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c the line connecting the planet to the centre of its epicycle (CP in Figure 3.13, p. 77) remain parallel to the Earth-Sun line ES which by definition revolves at a rate of 1 revolution per year. However, had &>c + &>p been different from unity, this would have caused no problem for Ptolemy - he could simply have made CP rotate relative to ES at the appropriate rate. Hence, for Ptolemy, the fact that &>c + &>p is the same for all the superior planets is simply a coincidence -part of God's grand design. Not for Copernicus, though. In his theory, each superior planet rotates around the Sun at the rate &>c and the Earth rotates around the Sun once each year. The angular speed associated with the synodic period of each planet (i.e. the rate at which it orbits the Earth) is then necessarily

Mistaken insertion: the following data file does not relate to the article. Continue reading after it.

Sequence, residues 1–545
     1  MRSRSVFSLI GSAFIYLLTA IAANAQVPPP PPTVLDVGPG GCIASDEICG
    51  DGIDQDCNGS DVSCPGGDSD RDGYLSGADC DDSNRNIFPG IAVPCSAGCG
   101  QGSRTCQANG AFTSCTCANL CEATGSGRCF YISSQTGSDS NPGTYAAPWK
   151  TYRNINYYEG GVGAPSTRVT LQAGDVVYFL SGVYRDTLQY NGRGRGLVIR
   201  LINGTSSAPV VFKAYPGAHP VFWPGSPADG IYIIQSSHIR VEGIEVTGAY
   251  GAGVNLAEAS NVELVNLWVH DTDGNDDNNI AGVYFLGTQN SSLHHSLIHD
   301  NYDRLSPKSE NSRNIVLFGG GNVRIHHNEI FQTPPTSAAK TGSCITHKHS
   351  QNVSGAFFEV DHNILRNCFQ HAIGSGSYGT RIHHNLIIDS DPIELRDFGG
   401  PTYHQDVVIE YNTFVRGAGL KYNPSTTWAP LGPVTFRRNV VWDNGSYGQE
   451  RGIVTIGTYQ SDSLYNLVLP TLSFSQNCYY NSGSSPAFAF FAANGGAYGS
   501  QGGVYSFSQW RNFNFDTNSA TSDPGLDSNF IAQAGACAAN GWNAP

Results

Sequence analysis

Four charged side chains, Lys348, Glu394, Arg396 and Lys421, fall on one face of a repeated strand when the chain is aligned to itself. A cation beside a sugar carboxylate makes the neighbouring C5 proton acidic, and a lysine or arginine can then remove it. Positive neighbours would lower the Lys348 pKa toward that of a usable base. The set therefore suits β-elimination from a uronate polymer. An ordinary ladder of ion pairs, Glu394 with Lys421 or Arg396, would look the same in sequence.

For the inferior planets, the simplification in terms of the number of ad hoc assumptions provided by the Copernican theory is more obvious, since it is the zodiacal period of those planets that is 1 year, and this is immediately implied by placing the Earth in orbit around the Sun between Venus and Mars.34 In the heliocentric system, the orbital (sidereal) periods Ts of Venus and Mercury must be calculated from their observed synodic periods Tp. The synodic period of Venus is the time between successive inferior conjunctions, and so if the Sun, Venus and the Earth lie in a straight line at t = 0, they next do so (in the same order) at t = Tp. If we measure time in years, the Earth makes Tp orbits of the Sun in this time and so Venus must make 1 + Tp revolutions. It follows that the rate at which Venus orbits the Sun is 1/ Tp + 1 revolutions per year, and thus,

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